The Library is going through seasonal cleaning of some kind, and my department is deleting books left and right (taking them out of the computer system and kicking them out the door). I was deleting a bunch of books and came across one titled Here Comes the Bride and so forth, by Irvin S. Cobb, published in 1925. Being a bride-to-be, I opened it up and read the first paragraph, which is just too delightful to keep to myself.
"Here comes the bride! She has been coming ever since she was born. From the hour when the nurse slipped out into the hall where the distressed father was pacing back and forth like a caged lion and told him it was a girl, she has been progressing toward the blessed estate of matrimony. All that has gone before in her life has only been prepartion for the great step she is about to take. Behind her stretch the years of her babyhood, her childhood, her budding youth. Ahead of her, arched in by rainbows of hope and shot with the star-dust of her maidenly dreams, lies womanhood and wifehood and, very possibly--unless she expects to take up housekeeping in one of those city apartments where children are barred, but dogs are not--motherhood."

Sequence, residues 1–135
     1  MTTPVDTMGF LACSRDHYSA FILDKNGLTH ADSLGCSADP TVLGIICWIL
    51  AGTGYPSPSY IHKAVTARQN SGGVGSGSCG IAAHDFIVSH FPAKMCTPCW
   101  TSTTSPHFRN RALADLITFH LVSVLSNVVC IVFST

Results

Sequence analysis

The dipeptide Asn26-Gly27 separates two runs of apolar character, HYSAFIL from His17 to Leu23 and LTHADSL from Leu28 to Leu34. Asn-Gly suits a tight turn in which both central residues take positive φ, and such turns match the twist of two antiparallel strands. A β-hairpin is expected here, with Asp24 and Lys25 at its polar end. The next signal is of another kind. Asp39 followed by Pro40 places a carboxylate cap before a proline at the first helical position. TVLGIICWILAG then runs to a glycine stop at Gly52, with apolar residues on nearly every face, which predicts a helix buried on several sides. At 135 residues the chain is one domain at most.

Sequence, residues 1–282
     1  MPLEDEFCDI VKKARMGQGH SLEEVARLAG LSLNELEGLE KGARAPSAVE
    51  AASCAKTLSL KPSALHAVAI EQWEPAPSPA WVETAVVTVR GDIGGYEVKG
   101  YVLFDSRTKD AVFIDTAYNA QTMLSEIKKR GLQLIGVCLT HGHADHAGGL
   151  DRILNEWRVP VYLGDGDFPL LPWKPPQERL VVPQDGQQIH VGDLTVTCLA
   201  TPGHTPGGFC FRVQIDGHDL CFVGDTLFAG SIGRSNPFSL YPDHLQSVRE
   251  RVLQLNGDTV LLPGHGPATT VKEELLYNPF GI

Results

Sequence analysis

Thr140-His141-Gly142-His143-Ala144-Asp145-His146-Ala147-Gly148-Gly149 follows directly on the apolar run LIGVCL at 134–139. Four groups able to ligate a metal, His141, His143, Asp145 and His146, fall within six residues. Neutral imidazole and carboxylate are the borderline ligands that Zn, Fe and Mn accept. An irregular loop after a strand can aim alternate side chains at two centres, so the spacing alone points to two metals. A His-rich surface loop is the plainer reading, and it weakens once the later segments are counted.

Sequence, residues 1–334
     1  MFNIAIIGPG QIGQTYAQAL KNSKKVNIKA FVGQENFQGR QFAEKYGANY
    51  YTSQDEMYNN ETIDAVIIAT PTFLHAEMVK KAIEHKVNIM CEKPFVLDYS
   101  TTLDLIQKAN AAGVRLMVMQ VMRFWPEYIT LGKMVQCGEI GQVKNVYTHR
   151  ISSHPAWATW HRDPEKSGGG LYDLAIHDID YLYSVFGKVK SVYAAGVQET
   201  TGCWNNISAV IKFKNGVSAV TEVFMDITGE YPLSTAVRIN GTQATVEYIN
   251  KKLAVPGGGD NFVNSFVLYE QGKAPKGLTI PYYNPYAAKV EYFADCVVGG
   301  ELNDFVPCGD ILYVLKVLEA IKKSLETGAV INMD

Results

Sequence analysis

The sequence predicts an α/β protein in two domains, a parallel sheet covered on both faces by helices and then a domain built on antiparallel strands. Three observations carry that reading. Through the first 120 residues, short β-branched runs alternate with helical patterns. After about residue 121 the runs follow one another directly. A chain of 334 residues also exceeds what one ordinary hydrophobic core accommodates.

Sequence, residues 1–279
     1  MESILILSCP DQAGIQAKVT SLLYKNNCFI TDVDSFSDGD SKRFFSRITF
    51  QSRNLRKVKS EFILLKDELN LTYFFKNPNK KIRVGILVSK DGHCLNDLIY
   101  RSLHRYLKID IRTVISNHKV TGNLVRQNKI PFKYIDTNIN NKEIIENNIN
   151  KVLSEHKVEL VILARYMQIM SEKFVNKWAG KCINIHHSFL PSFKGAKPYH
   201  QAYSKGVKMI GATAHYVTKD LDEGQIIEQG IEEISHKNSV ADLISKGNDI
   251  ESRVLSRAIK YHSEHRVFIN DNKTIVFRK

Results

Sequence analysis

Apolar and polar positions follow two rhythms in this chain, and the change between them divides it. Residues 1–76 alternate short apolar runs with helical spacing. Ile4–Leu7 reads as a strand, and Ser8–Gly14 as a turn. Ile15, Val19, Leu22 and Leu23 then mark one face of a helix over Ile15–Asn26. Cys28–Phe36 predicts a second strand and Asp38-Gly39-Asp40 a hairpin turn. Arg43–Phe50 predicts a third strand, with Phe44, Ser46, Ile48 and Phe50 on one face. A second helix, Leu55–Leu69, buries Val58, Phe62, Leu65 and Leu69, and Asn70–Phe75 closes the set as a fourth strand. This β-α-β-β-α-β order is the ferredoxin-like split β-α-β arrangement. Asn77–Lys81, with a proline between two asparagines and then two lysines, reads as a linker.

After I picked myself up off the floor, I had a few thoughts.
1. The second sentence. I didn't know that was possible, but holy crap.
2. Of course she's been progressing toward the blessed estate of matrimony. Is there anything else to progress toward? Psh.
3. I don't know about you, but I always see rainbows of hope and star-dust of maidenly dreams. All the dang time. I had to get special pills to make them go away.
It's like Irvin S. Cobb looked into the future and saw my life and wrote it down! I love star-dust and rainbows! I've never been a real person unless a man participated and acknowledged my being! I can't wait until I'm married and can begin looking forward to womanhood and wifehood and motherhood, unless we get one of those pesky city apartments and our hopes for children wither and die under the iron-fisted rule of the homeowner's association!